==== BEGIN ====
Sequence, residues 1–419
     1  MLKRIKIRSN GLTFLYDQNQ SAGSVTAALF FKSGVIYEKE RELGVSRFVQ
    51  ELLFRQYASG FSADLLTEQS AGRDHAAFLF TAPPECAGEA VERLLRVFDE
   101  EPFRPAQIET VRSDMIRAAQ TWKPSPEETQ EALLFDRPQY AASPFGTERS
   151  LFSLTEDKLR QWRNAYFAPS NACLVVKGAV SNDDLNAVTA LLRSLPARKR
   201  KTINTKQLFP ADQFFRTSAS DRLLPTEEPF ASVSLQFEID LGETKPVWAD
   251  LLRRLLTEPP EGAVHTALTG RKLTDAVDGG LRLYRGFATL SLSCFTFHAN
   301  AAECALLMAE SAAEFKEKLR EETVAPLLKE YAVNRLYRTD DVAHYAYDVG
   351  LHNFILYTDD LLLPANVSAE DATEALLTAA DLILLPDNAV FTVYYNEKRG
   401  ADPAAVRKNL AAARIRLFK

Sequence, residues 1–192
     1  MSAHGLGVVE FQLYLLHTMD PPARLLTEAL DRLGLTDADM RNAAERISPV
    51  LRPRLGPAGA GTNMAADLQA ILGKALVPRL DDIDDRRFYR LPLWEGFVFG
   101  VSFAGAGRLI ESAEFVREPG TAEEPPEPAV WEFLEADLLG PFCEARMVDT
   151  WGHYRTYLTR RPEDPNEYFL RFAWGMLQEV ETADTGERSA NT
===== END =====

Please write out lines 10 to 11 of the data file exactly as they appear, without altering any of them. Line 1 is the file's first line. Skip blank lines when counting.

   401  ADPAAVRKNL AAARIRLFK

Sequence, residues 1–192